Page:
If there is a safe option with an almost certain outcome and a riskier option, my advice is always to take the riskier option. Not knowing if you might have succeeded is infinitely worse than having failed. Taking the risk will at least bring closure.
Mind you, this may not be good advice because it is what I have done throughout my life. Once, in a rare job interview (I have usually not gone through application processes), the prospective employer sitting across the desk from me said:
‘John, you seem to have an unfocussed CV.’
He took this as a negative factor; I have always taken it as a positive factor.
There is a Charles Dickens book (I can’t remember which – possibly David Copperfield) in which the central character, as a young man, stands outside a building and the narrative goes:
‘I looked at the premises which, for the next 50 years, would be my work place.’
Times have changed, of course. But the ‘safe option’ can drive a truly creative person potty with frustration. You’ll end up walking through Tesco shooting random people with an AK-47. Figuratively if not in reality – and don’t be too sure it won’t be in reality. Uncertainty and adrenaline are attractive, provided you can eat and (in rainy Britain) have a roof over your head.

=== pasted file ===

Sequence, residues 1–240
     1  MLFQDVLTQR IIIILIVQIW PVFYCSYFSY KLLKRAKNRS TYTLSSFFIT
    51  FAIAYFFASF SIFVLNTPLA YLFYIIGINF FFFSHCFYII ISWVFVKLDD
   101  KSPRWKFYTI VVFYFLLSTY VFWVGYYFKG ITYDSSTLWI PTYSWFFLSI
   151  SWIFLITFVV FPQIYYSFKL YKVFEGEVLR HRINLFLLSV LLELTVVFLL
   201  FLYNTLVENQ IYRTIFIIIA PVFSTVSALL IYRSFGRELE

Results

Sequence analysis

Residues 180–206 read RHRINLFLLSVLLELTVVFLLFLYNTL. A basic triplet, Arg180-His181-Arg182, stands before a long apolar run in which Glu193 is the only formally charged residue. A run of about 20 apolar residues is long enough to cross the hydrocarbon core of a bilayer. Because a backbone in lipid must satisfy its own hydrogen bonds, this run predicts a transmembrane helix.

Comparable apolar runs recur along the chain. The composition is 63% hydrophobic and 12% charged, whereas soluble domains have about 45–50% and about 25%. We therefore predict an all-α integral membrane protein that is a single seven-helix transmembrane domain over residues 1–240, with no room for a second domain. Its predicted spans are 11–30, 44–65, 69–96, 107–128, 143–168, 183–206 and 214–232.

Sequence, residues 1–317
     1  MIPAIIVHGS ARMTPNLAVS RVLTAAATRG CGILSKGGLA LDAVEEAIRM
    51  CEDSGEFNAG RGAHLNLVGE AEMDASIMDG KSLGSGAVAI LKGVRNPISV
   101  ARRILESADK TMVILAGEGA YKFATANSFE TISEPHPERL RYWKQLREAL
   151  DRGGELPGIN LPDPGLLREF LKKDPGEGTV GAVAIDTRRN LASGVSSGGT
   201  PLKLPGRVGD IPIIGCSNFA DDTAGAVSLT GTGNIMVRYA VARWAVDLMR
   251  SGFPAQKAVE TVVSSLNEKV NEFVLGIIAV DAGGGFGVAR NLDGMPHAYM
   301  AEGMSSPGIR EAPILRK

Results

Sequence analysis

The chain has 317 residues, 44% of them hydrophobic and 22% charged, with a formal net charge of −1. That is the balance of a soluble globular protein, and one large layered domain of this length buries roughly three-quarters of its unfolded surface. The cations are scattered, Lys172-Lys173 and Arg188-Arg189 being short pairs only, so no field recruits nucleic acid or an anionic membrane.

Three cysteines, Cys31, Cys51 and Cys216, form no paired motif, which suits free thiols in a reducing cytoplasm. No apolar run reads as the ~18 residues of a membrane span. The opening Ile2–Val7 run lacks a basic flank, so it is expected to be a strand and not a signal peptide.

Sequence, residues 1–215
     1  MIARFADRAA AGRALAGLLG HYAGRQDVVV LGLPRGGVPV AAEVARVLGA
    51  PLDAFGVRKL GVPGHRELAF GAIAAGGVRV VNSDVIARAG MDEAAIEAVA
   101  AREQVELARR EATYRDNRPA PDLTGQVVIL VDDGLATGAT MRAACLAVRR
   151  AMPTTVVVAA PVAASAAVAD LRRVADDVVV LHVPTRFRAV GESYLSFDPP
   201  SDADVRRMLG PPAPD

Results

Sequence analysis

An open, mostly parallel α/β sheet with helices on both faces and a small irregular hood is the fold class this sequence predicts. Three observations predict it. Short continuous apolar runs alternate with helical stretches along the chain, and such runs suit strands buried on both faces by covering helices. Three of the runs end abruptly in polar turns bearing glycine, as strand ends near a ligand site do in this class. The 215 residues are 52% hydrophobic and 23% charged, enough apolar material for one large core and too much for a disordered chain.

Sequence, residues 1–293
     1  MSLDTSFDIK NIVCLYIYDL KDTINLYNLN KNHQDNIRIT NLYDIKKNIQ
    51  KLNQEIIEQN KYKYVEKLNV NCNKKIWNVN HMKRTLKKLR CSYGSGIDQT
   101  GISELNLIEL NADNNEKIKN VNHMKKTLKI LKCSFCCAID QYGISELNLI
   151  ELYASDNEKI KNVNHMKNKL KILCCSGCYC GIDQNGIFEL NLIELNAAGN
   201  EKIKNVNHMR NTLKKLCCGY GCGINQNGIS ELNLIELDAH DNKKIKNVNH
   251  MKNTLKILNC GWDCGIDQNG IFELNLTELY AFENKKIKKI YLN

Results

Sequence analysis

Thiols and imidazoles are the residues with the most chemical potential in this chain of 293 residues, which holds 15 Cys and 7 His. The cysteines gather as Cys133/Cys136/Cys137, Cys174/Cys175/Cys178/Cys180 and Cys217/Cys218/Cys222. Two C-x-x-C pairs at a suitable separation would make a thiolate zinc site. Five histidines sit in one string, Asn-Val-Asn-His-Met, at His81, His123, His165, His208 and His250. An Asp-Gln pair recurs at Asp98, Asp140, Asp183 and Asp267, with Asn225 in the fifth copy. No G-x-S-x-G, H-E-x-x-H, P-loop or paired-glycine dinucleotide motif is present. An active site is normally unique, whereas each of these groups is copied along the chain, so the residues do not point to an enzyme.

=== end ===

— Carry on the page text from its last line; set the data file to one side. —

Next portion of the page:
‘But when will I know for certain if I have failed and when to give up?’ my twenty-something chum asked me.
‘Ah,’ I said, ‘I haven’t got the foggiest. I am making this up as I go along.’
There are no right decisions.
When nerds in the mists of time first tried to program a computer which could play chess, they found it was impossible because the computer was unable to make the first move. The number of potential ramifications of the first move were and are virtually limitless. The computer would have sat there calculating potential first moves for longer than Ken Dodd’s career.
You can’t tell the outcome of any move early-on in chess. Nor in showbusiness. Nor in life. The butterfly theory comes into play.
No choice is simply between Path A and Path B because each of those paths then has literally hundreds of potential avenues which may lead off them. And every one of those hundreds of avenues each has itself hundreds of other sidetracks leading off them which may lead to a dead end or to a sparkling idyllic end result. It’s not a single path you choose; it’s a spider’s web spanning the rest of your life.